At the Rx side, the array of isotropic antennas is equally receptive to planar waves arriving from all directions which excites each element in proportion to the variations in the incoming electromagnetic wave. A signal level interpretation of the beamforming process is illustrated in the figure below from a Rx viewpoint. The signal processing operations are drawn from right to left to stay consistent with $0^\circ$ on the right side as the angle of arrival. Here, a sinusoidal wavefront representing the amplitude variations arrives at our antenna array from an angle of $0^\circ$. This means that the signals generated in each element are in phase with each other. This phase relation is shown with the help of a dashed red line in the figure crossing the respective waveforms. Therefore, when the outputs from each antenna are added together, there is a coherent summation that increases the output amplitude. In our simplistic scenario, they are all the same signal $r_0$!
\[
z = \sum _{n=0}^{3} r_n = \sum _{n=0}^{3} r_0 = 4r_0
\]
Clearly, this cumulative signal carries an amplitude in proportion to the size of the antenna array, a factor of $4$ in this figure. This is represented by a larger beam at $0^\circ$ and smaller beams on the sides in the above figure. We will now formally compute the array gain thus achieved.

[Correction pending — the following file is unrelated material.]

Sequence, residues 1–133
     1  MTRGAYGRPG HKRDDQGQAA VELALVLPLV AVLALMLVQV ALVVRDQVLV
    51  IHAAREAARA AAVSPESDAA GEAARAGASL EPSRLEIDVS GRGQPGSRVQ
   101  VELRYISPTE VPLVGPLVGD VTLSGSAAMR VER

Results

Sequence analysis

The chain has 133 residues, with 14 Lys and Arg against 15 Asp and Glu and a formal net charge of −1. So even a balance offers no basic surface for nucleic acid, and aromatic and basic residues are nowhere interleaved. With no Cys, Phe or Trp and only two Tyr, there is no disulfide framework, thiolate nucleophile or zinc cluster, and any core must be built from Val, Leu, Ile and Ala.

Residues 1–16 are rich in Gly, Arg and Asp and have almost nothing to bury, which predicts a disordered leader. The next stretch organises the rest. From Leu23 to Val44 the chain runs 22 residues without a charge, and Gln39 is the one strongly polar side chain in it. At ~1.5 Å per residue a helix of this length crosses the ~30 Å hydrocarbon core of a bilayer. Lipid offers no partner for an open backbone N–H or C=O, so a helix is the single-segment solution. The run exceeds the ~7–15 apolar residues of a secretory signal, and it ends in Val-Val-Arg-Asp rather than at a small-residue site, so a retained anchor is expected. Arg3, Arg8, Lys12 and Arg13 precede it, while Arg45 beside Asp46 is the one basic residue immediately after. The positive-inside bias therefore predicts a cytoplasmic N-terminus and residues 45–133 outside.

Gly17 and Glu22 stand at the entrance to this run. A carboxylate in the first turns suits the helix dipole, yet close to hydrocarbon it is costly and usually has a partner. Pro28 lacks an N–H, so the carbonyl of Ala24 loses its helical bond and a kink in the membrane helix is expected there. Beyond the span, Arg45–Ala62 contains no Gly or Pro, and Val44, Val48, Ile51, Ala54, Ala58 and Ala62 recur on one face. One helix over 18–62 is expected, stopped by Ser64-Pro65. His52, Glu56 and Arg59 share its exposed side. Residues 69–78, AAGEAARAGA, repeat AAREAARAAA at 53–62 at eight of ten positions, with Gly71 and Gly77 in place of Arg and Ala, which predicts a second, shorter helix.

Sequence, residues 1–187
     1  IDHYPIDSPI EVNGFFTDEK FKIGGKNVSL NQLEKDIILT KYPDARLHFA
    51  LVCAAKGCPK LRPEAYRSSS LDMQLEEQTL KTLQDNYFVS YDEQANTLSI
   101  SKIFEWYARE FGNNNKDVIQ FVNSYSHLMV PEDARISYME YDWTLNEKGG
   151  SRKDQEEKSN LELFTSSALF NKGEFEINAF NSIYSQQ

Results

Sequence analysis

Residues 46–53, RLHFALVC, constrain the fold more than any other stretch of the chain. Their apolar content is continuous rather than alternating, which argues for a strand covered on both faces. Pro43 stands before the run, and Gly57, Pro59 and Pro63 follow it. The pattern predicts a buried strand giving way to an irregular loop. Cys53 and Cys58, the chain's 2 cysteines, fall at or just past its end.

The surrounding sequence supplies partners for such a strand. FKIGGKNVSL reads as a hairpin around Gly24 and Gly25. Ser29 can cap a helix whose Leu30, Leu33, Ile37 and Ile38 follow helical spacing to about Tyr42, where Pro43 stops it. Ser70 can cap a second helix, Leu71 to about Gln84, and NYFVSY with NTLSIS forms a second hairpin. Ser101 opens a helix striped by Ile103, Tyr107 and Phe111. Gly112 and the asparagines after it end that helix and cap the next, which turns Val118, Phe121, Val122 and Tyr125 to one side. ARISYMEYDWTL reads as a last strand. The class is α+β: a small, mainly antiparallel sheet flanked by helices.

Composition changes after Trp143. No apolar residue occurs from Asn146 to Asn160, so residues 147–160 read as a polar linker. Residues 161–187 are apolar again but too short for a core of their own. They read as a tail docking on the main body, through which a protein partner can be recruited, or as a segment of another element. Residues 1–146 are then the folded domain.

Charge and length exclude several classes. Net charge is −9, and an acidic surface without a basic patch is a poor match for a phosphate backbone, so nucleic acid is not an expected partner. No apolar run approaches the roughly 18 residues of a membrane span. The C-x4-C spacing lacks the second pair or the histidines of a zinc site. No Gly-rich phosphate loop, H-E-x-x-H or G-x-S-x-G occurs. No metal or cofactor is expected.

One problem in the previous setup is that coherent summation with aligned phases happens only if the signal arrives at an angle of $0^\circ$. From the Tx perspective, how should we focus the signal energy towards a Rx at another angle? To answer these questions, we first find out what happens when the signal arrives from a different angle.
Phase Misalignment
Imagine a planar wavefront arriving from a sufficiently distant Tx towards the Rx array at one particular angle. In such a scenario, there will be a relative delay in the wavefront reaching each antenna element and therefore coherent summation is not possible. As an example, figure below draws a plane wave arriving at an angle of $26^\circ$ with the antenna array. If $\tau_0=0$ is the time at which the wavefront reaches the topmost reference element 0, the time delays it takes to reach the antenna elements 1, 2 and 3 are given by $\tau_1$, $\tau_2$ and $\tau_3$, respectively. This causes a misalignment of the signal copies out of each array element and at the input of the summation block. This phase misalignment is indicated by a slanted dashed line going through the waveforms in the figure below. As a consequence, all the waveforms add without phase alignment and there is no array gain achieved at the final output, illustrated through a low amplitude signal as the output waveform.